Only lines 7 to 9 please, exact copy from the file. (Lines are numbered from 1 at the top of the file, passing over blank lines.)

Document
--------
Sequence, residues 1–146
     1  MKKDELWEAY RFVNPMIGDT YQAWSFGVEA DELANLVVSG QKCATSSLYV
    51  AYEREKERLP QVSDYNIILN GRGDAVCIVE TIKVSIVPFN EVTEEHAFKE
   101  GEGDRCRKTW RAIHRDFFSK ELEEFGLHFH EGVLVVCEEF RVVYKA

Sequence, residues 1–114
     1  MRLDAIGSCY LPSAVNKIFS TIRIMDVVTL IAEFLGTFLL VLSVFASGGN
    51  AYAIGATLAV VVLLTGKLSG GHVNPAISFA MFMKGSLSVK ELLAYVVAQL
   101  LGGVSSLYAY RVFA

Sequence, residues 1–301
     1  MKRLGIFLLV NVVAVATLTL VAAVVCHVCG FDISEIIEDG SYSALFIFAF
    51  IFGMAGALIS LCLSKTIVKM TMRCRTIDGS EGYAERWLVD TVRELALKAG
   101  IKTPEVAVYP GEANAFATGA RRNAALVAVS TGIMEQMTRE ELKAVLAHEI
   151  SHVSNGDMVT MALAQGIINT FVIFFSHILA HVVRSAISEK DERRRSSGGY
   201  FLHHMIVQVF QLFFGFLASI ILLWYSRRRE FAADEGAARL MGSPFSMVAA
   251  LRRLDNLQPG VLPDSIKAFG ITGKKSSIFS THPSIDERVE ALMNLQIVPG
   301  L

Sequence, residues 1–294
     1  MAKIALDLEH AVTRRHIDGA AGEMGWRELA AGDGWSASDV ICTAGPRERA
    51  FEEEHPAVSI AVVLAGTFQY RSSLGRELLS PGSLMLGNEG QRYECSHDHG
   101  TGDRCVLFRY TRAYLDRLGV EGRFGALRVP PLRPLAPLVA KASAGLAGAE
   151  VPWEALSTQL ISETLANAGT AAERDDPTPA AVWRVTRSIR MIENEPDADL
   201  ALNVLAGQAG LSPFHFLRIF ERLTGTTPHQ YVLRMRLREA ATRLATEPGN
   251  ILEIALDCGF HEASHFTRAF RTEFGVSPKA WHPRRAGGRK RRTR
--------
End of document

    51  AYAIGATLAV VVLLTGKLSG GHVNPAISFA MFMKGSLSVK ELLAYVVAQL
   101  LGGVSSLYAY RVFA

Sequence, residues 1–301